Making Video Content Work For You


The way in which people process information has changed. Attention spans are significantly reduced, and people’s tendency to read, both as a leisure activity and out of necessity when navigating their day-to-day has declined exponentially.

This might be quite a cynical way of looking at it, but that fact that, as of 2017, 74% of all internet traffic consists of the consumption of video content speaks volumes. According to a study by Animoto, four times as many people would prefer to watch a video about a product than read about it.

But it’s not just the fact that video content is easier to digest that written content. It’s also that the quality of video content produced on a corporate level has significantly improved in recent years. Now, when you look to produce a corporate video, advert, or video testimonial, putting anything together short of a masterpiece is going to date your business. On the other end of the spectrum, if you produce something of a significantly high quality, your brand is going to be destined to lurk in the minds of your users for decades to come.

One of the primary pitfalls businesses can fall into when producing video content for themselves is what I like to call ‘content transmogrification’, that is to say turning copious amounts of text into copious amounts of text within the context of a video. Don’t expect your audience to read something just because it happens to be accompanied by a musical score and some boring visuals. It’s still just text. Expect your readers to watch. Create a story. Invoke an emotional response. This is all part and parcel of producing a quality video.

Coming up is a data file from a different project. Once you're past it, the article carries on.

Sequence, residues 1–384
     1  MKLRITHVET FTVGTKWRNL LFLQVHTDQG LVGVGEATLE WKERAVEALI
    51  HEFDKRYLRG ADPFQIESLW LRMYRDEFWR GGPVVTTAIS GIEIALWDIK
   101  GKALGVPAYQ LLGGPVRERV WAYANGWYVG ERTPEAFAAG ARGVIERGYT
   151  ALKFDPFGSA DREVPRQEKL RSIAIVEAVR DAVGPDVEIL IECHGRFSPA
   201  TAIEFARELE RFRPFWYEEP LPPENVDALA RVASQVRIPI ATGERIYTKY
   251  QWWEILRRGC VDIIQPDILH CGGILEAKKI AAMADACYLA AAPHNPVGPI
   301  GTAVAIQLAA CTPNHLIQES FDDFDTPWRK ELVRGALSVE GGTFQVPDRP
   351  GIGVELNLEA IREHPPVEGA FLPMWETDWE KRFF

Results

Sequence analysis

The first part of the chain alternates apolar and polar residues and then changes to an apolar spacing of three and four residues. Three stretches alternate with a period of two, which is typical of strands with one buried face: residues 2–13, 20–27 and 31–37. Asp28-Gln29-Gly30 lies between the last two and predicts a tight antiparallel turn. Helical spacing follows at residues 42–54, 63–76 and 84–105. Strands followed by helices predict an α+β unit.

The unfortunate thing is that it doesn’t take just anyone to create something that’s going to do all of the above. You need:

  • Resources
  • Equipment
  • Video Editing Skills
  • A Vision
  • Passion for the content
  • Common Sense

That last bullet point might seem fairly harsh, but the reason that a lot of corporate videos get a bad reputation is because they’re all too often created by people with the best of intentions, combined with shallow foresight and a lack of technical knowledge.

Video marketing is valuable for a number of reasons, primary of which being that, as Hubspot suggests, video content will account for 74% of all internet traffic throughout 2017. The audience already exists, the main legwork is going to come when honing your technique and making sure that you produce a something engaging that balances itself out by representing your brand well.

The benefit of high quality video, whilst costly, is that it’s brilliantly malleable, and can be used on your business website, social media pages, and shown to prospective clients or customers to convince them to trust in your brand.

Making video work for your business is about understanding, and you shouldn’t be forced to create video content in order to keep up with the times. Whilst there is pressure to jump on the bandwagon or risk the loss of potential custom, make sure you spend the time creating a game plan, and deciding exactly how, when, where, and for what budget you want to create your video.